AAT and the bones

Elaine Morgan (Elaine@desco.demon.co.uk)
Tue, 08 Aug 1995 16:17:33 GMT

This is where the paleontologists are fighting on their own ground and
saying "Come into my parlour"

As in all sectors of this debate, we seem to be at cross purposes about
the time scale. One line of argument is that after four million years
in the sea, the skeleton of afarensis ought to look less like an ape
and more like a dolphin.

It could not be anything like four million years. To date the
beginning, we have to ask the microbiologists for the date of
speciation. In Ralph's scenario that is not important: sympatric
speciation in the trees could have happened at any time during the
fossil gap. It matters to me because I suspect the sea flooding was
what triggered the speciation. The date given varies with whether they
are using DNA or proteins or whatever - but would you agree a mean date
of around 6mybp?

As for the end of the aquatic phase, we have fossil evidence going back
to around 4m of creatures which were now (back) on the mmainland of
Africa. Their bones suggest that fully weight-bearing (i.e. terrestrial)
bipedalism had been going on for quite some time, perhaps since say
4.5mybp. So we are talking about certainly less than 2my for the
formative aquatic period, maybe nearer one million.

Hense we're not exactly looking for a torpedo-shaped ape. With whales
and dolphins that took 70 million years, with sirenians 50 million.
that I know has speculated about the kind of pressures that induced the
ancestors of these and other aquatics, time and time again, to return
to the water. We will never know, but it's a good mental exercise
because it's hard to avoid thinking in terms of recurrent drastic
ecological events like floods

It also starts you thinking about what might have been different in the
case of an ape: answer, clearly, its arboreal habitat. In the
flooded-forest scenario, populations could have been cut off (i.e.
begun speciating) while still remaining fully arboreal as long as the
food supply lasted, and the treetops were above water. Later, when
water levels fell, and they began to discover and exploit the aquatic
food resources, they would find them more rewarding than leaves and
spend an increasing percentage of the daytime hours in the water.
But there is no reason to assume they would not sleep in the trees
as they had always done, as long as the trees were there. On the
southern end of Danakil (ex-Island) Alps the forest has never gone

I do not find it at all surprising that Lucy has features like curved
phalanges and partly prehensile toes. You dont evolve flippers in a
million years, and you don't lose your ability to climb as long as you
practice it once a day. Even the gorilla, once it is grown up, only
goes upstairs to sleep, but it still recognisably ranks among the
quadrumana. There may have been a time at the height of the aquatic
interlude when some of them were on shore lines without trees. I still
don't envisage them asleep on the deep. Maybe they still climbed rocks.
In any case case there'd be no selection pressure (we are not talking
about tool-makers) to uncurve the phalanges. As for the toes, for any
biped walking on mud or sand, some degree of prehensility would be an

You might object here that I am postulating minimal skeletal changes in
the aquatic interlude, and yet I have suggested that a lot of
non-skeletal changes took place at this time - naked skin, fat layer,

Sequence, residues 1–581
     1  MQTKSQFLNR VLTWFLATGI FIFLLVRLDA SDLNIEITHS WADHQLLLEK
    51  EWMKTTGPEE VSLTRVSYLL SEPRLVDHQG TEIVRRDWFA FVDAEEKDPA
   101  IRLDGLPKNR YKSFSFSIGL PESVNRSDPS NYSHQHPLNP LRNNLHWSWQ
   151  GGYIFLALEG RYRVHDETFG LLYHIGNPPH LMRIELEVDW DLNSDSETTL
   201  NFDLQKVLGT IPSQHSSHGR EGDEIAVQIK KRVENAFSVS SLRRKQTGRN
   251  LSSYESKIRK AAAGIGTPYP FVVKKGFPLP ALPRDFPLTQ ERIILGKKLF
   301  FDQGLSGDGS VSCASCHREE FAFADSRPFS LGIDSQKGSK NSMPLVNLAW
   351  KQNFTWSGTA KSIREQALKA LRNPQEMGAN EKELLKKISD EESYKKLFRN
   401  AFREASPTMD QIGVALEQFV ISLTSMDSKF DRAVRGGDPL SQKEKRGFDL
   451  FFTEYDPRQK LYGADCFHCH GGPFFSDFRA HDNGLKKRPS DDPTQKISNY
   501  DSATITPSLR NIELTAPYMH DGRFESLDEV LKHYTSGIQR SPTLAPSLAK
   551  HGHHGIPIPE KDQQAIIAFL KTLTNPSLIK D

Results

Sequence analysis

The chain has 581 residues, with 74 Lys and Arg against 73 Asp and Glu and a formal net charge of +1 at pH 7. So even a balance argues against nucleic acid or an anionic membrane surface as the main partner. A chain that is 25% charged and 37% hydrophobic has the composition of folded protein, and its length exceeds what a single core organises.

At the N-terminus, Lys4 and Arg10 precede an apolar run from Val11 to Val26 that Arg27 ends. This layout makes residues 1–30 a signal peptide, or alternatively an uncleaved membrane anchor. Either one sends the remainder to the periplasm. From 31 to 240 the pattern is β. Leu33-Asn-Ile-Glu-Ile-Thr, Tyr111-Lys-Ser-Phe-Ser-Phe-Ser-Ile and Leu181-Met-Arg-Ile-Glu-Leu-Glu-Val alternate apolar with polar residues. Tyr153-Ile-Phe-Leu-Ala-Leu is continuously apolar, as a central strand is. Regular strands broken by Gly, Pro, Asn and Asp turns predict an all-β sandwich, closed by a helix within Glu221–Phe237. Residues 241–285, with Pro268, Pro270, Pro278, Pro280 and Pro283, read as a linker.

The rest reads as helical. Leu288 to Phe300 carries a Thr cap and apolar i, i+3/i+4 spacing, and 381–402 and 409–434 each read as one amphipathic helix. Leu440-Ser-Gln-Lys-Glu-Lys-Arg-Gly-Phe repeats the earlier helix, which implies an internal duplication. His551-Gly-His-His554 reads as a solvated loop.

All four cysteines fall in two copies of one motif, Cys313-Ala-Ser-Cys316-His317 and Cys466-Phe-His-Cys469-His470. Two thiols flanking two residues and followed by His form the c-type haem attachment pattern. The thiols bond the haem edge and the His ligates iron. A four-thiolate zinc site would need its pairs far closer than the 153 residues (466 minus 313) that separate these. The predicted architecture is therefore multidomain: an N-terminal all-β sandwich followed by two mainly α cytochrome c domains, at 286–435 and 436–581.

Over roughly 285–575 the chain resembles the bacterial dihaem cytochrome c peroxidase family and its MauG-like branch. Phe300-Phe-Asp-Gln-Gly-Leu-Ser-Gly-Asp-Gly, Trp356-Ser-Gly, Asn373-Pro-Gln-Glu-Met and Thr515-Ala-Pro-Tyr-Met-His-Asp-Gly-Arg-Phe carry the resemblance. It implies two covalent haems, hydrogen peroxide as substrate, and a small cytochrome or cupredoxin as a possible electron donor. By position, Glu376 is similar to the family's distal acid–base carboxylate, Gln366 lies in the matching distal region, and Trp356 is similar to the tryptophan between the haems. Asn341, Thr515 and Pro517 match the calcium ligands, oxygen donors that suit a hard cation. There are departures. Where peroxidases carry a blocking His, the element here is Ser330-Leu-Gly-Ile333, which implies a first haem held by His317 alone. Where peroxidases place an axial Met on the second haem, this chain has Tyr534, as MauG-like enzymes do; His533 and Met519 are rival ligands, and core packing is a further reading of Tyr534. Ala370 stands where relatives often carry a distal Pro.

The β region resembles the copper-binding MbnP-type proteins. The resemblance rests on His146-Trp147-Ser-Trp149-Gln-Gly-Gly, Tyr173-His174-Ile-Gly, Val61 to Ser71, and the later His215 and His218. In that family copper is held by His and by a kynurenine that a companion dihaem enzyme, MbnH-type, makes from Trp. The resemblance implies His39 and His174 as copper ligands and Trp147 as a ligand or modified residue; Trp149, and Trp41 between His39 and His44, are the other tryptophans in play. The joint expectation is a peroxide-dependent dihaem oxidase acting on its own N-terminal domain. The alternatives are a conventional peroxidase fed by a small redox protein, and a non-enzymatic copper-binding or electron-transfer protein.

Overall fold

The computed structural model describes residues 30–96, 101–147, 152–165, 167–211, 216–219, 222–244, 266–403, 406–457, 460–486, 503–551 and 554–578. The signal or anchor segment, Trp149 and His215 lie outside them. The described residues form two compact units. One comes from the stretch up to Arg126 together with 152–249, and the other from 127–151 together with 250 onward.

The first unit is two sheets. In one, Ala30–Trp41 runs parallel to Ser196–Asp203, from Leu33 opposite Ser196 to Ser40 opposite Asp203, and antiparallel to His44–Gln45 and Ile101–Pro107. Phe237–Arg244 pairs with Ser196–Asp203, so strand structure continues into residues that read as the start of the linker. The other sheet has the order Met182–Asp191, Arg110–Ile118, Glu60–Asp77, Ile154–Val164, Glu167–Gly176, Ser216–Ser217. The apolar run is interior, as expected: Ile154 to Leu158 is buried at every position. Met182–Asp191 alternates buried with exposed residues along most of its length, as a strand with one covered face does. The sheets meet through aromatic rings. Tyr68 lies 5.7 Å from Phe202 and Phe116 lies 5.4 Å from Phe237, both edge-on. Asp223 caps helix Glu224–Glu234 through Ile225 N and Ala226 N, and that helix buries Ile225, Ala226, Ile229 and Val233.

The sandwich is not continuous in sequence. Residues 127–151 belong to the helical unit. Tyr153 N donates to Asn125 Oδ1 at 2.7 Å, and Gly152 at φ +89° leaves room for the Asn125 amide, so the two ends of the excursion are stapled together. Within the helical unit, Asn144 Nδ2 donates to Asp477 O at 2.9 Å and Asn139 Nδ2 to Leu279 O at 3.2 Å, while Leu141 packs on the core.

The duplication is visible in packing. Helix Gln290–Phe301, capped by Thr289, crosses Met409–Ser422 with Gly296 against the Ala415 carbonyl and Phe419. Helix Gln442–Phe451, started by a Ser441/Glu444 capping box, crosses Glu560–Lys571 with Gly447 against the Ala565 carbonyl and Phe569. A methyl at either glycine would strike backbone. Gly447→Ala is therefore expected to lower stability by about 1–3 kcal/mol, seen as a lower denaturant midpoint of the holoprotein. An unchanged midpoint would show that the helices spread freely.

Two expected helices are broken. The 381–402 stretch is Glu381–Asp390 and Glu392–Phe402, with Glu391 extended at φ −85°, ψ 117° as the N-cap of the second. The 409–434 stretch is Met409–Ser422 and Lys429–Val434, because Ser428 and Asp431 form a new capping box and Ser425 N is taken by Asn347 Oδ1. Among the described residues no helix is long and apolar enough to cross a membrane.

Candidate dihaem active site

disturbance of sodium homeostasis, descent of larynx, loss of estrus,
etc. - many of which S/m ers would like to post to 2.5mybp and the
savannah. But:

(a) I think bipedalism was an aquatic adaptation to wading behaviour.
and that was far from minimal. I know you don't accept that but your
alternative hypotheses really are pretty wobbly and tentative.

(b) I would think it very probable that in general soft-tissue changes
take place more rapidly. If you duck under water to dig out a
mussel, the first thing affected is the respiratory canal, not the

>From 4mybp onwards I see nothing much to disagree with in the analysis
of Susman et al, except that I think the hominids were physiologically
tied more closely to the waterways than any of you indicate because
they had already acquired Newman's "unique trio of conditions -
hypotrichosis corpus, hyperhydrosis, and polydipsia" i.e. nakedness,
sweatiness, and the necessity of drinking little and often.

About the taxonomy, I would like to raise one query about the "bush"
metaphor used for all those graciles and robustuses. It can be seen as
implying that bipedalsim arose once, in one place, in one group, and
the descendants of that group radiated out and acquired widely
different characteristics. Is that how you read it?

In my scenario there may have been a number of groups isolated from one
another by water in different places but all suject to the same kind of
evolutionary pressure. Perhaps some could have as Ralph suggests
speciated sympatrically earlier on. So the "bush" of bipedal hominids
could have had more than one root. What do you think?

As for the challenge to predict Ramidus's postcranial skeleton, it is
(may I say as usual?) a little one-sided. AAT-ers are to stick their
necks out while the establishment keeps its head down and waits for us
to come a cropper. Still, if that is the name of the game, what the

I predict that you will find nothing more surprising in the skeleton of
ramidus than you found on the dark side of the moon. His fingers will
be like Lucy's. Pelvis and feet will be much more hominid-like than
ape-like. They may be slightly less adapted for bipedalism but not
very much. Whatever was happening there had been happening for a long
time; it did not begin with the opening out of the forests.

Okay? Place your bets.